23:14 “Three times 1 in the year you must make a pilgrim feast 2 to me. 23:15 You are to observe the Feast of Unleavened Bread; seven days 3 you must eat bread made without yeast, as I commanded you, at the appointed time of the month of Abib, for at that time 4 you came out of Egypt. No one may appear before 5 me empty-handed.
23:16 “You are also to observe 6 the Feast of Harvest, the firstfruits of your labors that you have sown in the field, and the Feast of Ingathering at the end of the year 7 when you have gathered in 8 your harvest 9 out of the field. 23:17 At 10 three times in the year all your males will appear before the Lord God. 11
1 tn The expression rendered “three times” is really “three feet,” or “three foot-beats.” The expression occurs only a few times in the Law. The expressing is an adverbial accusative.
2 tn This is the word תָּחֹג (takhog) from the root חָגַג (khagag); it describes a feast that was accompanied by a pilgrimage. It was first used by Moses in his appeal that Israel go three days into the desert to hold such a feast.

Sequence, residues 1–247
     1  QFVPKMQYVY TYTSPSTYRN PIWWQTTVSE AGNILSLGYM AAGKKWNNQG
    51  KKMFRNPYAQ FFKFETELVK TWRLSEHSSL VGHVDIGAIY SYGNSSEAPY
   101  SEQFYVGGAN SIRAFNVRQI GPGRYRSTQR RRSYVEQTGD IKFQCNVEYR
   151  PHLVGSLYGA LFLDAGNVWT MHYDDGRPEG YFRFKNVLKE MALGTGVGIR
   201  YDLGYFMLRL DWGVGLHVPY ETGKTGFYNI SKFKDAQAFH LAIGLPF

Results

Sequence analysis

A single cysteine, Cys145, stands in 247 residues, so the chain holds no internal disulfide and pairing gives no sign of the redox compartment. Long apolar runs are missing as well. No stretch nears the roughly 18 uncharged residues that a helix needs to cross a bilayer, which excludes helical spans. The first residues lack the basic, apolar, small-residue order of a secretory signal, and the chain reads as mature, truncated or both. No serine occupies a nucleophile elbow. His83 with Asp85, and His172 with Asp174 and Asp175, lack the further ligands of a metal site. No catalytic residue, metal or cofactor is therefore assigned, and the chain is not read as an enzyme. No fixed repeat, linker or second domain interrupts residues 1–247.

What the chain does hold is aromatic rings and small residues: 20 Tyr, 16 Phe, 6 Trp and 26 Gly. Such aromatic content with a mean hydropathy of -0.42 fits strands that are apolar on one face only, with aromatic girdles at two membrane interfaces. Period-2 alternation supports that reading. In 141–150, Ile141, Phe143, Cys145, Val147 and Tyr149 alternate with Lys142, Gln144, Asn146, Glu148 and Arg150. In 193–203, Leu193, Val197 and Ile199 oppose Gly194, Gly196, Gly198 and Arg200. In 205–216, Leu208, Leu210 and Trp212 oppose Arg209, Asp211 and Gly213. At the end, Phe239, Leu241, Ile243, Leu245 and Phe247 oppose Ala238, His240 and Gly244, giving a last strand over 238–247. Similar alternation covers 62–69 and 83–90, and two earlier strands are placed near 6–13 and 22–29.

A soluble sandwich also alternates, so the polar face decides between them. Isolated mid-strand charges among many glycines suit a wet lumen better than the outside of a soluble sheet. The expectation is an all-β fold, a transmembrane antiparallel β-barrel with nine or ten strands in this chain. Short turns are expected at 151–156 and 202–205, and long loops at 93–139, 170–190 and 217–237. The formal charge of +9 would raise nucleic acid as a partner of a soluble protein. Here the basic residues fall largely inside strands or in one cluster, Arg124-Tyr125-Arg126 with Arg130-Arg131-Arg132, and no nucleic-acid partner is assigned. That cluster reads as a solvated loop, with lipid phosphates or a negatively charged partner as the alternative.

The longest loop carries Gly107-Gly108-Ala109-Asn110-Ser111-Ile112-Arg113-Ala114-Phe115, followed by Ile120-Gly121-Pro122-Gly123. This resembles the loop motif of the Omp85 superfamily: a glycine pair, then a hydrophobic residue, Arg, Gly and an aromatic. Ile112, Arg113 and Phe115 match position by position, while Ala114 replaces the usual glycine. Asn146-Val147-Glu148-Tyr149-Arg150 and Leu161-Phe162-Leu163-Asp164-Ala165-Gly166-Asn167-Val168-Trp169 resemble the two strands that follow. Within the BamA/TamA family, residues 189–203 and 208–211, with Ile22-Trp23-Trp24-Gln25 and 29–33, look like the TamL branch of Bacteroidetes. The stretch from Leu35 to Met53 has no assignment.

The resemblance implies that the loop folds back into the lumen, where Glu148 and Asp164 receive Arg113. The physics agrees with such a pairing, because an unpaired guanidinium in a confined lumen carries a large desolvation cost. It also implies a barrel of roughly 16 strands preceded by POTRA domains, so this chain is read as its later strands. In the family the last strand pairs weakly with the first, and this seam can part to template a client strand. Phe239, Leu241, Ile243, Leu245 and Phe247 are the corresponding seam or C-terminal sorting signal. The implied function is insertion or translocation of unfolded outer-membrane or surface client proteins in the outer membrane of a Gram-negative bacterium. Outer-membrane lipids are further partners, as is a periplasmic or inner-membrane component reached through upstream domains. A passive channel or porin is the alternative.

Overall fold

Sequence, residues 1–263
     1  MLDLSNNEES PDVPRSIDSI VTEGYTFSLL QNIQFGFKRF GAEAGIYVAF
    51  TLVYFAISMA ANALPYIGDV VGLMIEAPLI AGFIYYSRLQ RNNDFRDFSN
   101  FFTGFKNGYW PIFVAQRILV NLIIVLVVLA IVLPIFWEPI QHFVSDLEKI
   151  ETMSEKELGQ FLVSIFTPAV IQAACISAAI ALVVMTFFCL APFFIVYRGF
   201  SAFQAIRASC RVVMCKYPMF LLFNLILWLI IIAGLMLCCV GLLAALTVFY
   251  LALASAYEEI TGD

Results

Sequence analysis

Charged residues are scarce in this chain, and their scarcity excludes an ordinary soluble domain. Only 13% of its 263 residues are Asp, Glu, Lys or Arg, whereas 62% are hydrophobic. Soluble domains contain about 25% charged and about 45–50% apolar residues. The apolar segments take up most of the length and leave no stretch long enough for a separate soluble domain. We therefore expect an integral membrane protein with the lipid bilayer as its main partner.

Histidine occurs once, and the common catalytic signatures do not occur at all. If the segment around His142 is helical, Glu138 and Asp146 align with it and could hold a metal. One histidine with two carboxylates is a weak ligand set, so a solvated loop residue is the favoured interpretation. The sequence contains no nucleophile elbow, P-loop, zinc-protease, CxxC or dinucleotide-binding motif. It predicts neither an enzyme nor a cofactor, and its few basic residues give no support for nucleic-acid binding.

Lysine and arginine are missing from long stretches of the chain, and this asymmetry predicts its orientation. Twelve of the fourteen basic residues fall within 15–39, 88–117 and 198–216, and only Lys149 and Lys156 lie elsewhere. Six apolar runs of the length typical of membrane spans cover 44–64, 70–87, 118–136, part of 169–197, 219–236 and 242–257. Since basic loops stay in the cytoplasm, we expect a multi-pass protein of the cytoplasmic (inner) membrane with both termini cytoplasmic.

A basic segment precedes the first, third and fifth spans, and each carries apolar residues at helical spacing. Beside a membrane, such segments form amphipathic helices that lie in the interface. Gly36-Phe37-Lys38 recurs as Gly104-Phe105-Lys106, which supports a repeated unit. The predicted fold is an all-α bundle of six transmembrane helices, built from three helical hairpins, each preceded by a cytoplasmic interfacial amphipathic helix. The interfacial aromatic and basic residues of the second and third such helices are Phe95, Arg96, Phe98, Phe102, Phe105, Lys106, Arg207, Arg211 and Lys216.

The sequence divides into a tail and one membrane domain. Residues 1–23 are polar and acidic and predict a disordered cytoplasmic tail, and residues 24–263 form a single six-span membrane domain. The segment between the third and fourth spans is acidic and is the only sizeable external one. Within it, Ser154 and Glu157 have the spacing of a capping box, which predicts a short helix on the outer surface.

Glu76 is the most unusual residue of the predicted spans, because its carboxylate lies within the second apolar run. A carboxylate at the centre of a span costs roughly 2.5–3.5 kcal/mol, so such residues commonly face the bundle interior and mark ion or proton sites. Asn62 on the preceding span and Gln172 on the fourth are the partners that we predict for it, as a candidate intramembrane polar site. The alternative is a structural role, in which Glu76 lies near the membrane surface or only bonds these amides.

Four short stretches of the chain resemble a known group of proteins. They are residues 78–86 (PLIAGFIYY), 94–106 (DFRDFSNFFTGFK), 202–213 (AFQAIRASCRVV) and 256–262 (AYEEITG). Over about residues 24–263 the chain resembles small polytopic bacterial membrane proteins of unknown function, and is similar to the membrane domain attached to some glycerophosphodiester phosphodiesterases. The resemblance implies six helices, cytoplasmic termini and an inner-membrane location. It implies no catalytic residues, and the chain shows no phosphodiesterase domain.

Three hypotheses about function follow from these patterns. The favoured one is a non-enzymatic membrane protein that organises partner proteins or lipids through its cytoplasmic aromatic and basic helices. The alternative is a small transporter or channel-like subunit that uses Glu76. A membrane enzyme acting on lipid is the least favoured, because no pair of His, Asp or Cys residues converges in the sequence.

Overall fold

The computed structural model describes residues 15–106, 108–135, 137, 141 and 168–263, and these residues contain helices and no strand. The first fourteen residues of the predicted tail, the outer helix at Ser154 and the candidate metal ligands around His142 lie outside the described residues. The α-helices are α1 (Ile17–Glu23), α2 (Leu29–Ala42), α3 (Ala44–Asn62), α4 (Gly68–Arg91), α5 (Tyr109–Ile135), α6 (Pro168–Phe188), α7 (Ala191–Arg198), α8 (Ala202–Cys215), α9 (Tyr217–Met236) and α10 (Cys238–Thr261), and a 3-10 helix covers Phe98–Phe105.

3 tn This is an adverbial accusative of time.
4 tn Heb “in it.”
5 tn The verb is a Niphal imperfect; the nuance of permission works well here – no one is permitted to appear before God empty (Heb “and they will not appear before me empty”).
6 tn The words “you are also to observe” are not in the Hebrew text, but are supplied in the translation for stylistic reasons.
7 tn An infinitive construct with a preposition and a pronominal suffix is used to make a temporal clause: “in the going in of the year.” The word “year” is the subjective genitive, the subject of the clause.
8 tn An infinitive construct with a preposition and a pronominal suffix is used to make a temporal clause: “in the ingathering of you.”
9 tn Heb “gathered in your labors.” This is a metonymy of cause put for the effect. “Labors” are not gathered in, but what the labors produced – the harvest.
10 tn Adverbial accusative of time: “three times” becomes “at three times.”
11 tn Here the divine Name reads in Hebrew הָאָדֹן יְהוָה (ha’adon yÿhvah), which if rendered according to the traditional scheme of “